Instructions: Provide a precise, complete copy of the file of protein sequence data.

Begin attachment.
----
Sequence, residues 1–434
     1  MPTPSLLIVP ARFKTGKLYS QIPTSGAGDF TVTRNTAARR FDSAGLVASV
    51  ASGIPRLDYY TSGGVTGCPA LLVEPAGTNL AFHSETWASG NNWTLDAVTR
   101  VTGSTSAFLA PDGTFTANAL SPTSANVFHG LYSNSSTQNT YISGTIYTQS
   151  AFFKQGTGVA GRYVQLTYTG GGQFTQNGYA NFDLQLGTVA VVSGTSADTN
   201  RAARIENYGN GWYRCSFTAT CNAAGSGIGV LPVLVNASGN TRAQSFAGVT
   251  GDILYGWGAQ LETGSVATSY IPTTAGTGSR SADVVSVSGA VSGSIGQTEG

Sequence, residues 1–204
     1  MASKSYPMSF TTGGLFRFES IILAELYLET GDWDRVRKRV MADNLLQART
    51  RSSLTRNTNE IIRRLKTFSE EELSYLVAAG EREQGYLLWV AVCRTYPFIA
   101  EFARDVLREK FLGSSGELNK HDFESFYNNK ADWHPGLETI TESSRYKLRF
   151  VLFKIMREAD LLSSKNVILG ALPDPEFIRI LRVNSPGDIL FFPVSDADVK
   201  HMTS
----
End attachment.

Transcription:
Sequence, residues 1–434
     1  MPTPSLLIVP ARFKTGKLYS QIPTSGAGDF TVTRNTAARR FDSAGLVASV
    51  ASGIPRLDYY TSGGVTGCPA LLVEPAGTNL AFHSETWASG NNWTLDAVTR
   101  VTGSTSAFLA PDGTFTANAL SPTSANVFHG LYSNSSTQNT YISGTIYTQS
   151  AFFKQGTGVA GRYVQLTYTG GGQFTQNGYA NFDLQLGTVA VVSGTSADTN
   201  RAARIENYGN GWYRCSFTAT CNAAGSGIGV LPVLVNASGN TRAQSFAGVT
   251  GDILYGWGAQ LETGSVATSY IPTTAGTGSR SADVVSVSGA VSGSIGQTEG

Sequence, residues 1–204
     1  MASKSYPMSF TTGGLFRFES IILAELYLET GDWDRVRKRV MADNLLQART
    51  RSSLTRNTNE IIRRLKTFSE EELSYLVAAG EREQGYLLWV AVCRTYPFIA
   101  EFARDVLREK FLGSSGELNK HDFESFYNNK ADWHPGLETI TESSRYKLRF
   151  VLFKIMREAD LLSSKNVILG ALPDPEFIRI LRVNSPGDIL FFPVSDADVK
   201  HMTS